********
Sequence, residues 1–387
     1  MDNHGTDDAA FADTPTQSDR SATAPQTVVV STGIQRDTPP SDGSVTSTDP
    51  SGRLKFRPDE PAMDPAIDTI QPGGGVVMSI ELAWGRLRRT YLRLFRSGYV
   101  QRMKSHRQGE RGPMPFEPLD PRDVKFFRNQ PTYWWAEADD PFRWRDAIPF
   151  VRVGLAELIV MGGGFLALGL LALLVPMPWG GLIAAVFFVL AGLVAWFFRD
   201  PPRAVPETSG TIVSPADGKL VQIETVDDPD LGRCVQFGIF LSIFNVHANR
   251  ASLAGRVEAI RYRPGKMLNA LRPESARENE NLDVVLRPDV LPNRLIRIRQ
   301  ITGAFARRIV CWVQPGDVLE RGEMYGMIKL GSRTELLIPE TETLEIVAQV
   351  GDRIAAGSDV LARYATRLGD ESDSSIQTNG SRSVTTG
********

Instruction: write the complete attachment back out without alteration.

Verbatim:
Sequence, residues 1–387
     1  MDNHGTDDAA FADTPTQSDR SATAPQTVVV STGIQRDTPP SDGSVTSTDP
    51  SGRLKFRPDE PAMDPAIDTI QPGGGVVMSI ELAWGRLRRT YLRLFRSGYV
   101  QRMKSHRQGE RGPMPFEPLD PRDVKFFRNQ PTYWWAEADD PFRWRDAIPF
   151  VRVGLAELIV MGGGFLALGL LALLVPMPWG GLIAAVFFVL AGLVAWFFRD
   201  PPRAVPETSG TIVSPADGKL VQIETVDDPD LGRCVQFGIF LSIFNVHANR
   251  ASLAGRVEAI RYRPGKMLNA LRPESARENE NLDVVLRPDV LPNRLIRIRQ
   301  ITGAFARRIV CWVQPGDVLE RGEMYGMIKL GSRTELLIPE TETLEIVAQV
   351  GDRIAAGSDV LARYATRLGD ESDSSIQTNG SRSVTTG